Sunday, October 2, 2011

Trinity Site Visit

 Oct 1st, was the second of only two tours per year of the Trinity Site (site of the first nuclear explosion in 1945) in central New Mexico. I toured the site a couple of years ago, however Sheryl had not had the chance yet, until now. There are two ways to get out to the site which is located on the White Sands Missile Range. First is to drive to the main gate area and then drive out to the site. For those of us in the Alamogordo area, the Chamber of Commence arranges with the Army to convoy across the missile range, thus cutting 50 miles off the drive. That is the route we took this year, we all met at the local High School, approx 75 vehicles and headed out at 8:00.

 Once in a while the convoy would have to stop or slow down for various reasons, so Sheryl jumped out to snap this shot. The drive was approx 70 miles across the missile range to the Trinity Site. There is photography allowed on the way to the site, so no pics of the vast expanse of the range.

 We arrived at the site around 10:00. Once you arrive it is a 1/4 mile walk from the outer fence line to the inner fence and the actual site. At the outer fence there are a couple of displays and various goodies for sale.

 The site itself contains the monument, a small patch of preserved area under cover (which you can not see) and a example of one of the bombs dropped on Japan.


The monument marks ground zero, the exact spot of the device when exploded. The device was placed on a tower approx 100 feet high (which was vaporized during the explosion) to simulate the above ground detonation when dropped from a plane.


 Around the fence line there are several pictures depicting life at the base camp and the testing itself.

 You can also take a 2 mile bus ride out to the McDonald Ranch House where the scientist assembled the Plutonium Core for placement in the bomb. There are also several displays in the Ranch House explaining the process and what went on there.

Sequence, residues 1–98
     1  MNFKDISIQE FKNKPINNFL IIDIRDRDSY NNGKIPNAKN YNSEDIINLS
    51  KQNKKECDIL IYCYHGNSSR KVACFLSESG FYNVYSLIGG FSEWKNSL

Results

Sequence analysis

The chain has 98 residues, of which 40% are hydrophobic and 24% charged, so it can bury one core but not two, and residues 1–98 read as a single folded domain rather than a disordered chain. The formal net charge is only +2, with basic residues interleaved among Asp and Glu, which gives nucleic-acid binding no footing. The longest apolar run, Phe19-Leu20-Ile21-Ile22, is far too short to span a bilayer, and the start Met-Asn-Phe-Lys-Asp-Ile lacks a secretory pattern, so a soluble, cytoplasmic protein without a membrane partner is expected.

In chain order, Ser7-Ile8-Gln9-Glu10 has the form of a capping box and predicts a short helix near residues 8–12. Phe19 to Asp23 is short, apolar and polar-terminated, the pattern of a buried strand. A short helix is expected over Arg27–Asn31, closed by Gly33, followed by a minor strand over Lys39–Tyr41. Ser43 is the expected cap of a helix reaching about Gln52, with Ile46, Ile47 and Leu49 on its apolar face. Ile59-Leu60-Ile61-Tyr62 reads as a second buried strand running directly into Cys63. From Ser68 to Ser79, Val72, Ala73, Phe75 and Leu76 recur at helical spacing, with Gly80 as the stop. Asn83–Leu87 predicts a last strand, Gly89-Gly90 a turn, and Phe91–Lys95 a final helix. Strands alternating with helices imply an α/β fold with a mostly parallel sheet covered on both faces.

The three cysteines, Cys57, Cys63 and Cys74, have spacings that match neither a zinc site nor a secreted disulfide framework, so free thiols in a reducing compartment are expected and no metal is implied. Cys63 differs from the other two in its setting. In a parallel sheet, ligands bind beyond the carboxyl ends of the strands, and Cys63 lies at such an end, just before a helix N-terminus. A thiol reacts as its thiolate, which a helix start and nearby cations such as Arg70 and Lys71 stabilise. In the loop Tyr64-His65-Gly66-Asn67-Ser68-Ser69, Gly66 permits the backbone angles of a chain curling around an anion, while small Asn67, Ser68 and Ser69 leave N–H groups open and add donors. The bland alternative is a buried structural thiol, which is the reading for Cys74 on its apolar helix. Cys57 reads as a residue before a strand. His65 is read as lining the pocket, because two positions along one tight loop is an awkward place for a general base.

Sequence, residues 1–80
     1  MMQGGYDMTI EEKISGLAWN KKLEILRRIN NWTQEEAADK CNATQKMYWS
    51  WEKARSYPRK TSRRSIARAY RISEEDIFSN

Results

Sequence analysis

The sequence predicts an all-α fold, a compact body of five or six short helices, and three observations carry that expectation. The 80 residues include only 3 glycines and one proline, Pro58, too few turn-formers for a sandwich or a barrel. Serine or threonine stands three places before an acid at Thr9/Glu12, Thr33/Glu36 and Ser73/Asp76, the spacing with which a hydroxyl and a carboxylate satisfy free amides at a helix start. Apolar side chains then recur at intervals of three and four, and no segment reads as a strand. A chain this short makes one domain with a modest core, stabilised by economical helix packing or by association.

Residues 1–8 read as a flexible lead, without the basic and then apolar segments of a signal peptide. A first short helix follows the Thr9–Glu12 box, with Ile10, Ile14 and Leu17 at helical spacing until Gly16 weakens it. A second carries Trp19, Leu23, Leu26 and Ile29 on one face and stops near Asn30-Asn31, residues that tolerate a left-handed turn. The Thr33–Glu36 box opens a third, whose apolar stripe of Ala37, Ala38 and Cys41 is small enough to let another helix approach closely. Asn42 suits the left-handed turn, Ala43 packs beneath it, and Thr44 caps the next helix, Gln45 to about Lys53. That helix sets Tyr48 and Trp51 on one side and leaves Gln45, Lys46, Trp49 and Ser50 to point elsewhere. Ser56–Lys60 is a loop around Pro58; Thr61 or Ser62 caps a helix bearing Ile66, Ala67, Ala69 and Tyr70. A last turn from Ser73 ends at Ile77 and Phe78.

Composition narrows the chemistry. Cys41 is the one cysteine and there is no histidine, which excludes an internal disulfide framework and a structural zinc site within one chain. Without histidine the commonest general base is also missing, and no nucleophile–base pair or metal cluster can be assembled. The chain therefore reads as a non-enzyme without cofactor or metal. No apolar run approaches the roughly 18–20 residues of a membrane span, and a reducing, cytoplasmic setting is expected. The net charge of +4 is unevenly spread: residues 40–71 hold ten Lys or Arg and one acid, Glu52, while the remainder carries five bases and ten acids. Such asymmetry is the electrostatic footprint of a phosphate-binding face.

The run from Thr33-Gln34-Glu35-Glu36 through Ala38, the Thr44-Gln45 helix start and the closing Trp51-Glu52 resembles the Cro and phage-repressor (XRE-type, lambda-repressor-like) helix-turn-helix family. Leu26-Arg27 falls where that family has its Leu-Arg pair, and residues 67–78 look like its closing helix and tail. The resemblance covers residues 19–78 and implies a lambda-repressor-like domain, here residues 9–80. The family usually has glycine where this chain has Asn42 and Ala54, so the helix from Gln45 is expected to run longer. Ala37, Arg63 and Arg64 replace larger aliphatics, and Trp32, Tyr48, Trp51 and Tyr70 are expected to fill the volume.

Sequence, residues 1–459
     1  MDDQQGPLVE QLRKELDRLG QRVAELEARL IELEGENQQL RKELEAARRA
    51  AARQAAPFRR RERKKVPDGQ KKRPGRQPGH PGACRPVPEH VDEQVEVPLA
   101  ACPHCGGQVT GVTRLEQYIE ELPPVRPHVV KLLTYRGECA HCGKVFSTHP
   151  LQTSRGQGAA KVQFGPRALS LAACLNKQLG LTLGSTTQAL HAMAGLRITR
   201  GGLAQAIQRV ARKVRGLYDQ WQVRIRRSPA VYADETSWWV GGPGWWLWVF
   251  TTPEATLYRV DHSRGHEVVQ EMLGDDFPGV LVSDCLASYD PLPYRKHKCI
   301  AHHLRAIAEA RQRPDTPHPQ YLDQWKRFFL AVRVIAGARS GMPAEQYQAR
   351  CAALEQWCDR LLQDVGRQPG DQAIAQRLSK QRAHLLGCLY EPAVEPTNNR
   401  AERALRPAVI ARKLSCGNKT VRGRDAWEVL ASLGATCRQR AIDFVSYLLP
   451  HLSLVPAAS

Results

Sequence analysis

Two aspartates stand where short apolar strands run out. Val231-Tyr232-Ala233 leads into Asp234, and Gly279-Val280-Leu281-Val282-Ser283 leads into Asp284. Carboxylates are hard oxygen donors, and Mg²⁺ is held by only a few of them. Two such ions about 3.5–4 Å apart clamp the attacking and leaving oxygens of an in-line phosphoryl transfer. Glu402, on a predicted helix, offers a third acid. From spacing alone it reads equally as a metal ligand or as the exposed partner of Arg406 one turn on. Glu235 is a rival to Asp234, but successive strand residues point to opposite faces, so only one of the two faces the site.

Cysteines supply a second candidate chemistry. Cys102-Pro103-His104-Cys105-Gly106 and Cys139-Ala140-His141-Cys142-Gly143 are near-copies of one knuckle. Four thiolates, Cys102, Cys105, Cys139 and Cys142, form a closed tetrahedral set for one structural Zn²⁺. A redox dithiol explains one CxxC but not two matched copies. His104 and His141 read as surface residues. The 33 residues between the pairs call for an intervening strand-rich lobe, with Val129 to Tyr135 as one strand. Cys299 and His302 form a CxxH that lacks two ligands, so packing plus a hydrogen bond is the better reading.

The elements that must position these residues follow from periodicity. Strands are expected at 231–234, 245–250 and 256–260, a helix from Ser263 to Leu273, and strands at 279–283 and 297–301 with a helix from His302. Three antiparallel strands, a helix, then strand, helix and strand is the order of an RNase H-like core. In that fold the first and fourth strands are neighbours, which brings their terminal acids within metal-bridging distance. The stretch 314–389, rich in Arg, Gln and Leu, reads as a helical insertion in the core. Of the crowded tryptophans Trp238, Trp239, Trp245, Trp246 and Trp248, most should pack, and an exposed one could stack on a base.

At the Ranch House, there are other out buildings you can explore (stable, windmill and bunk house). It was a good tour and I was glad we were in the area so Sheryl could see it. The site is located way out on the missile range and in the proverbial "middle of nowhere". It was a good but long day and we had a great time together. I highly recommend the tour if you are ever down this way. There is really not alot to it, except the feeling of visiting such a place that shaped history forever.

Our day wasn't over yet, we met up with some friends for a Chuck Wagon Dinner and Show up in the mountains, but we'll save that for the next post as this ones long enough already.

Take Care and we'll see you back here soon.

3 comments:

Paul and Marti Dahl said...

Trinity Site is on my list of must-sees. Thanks for the good tour, it will be worth the trip to see it.

Hard to believe there are still such out of the way historic places still preserved. With all the controversy about the atomic bomb, you'd think they wouldn't honor the site, but I'm glad that history has been saved for future generations to see and learn from.

wheelingit said...

We didn't make it there on our trip thro' New Mexico this year, but definitely want to go see it.
Nina

sbo said...

thank you so much. fosbobetr good Archive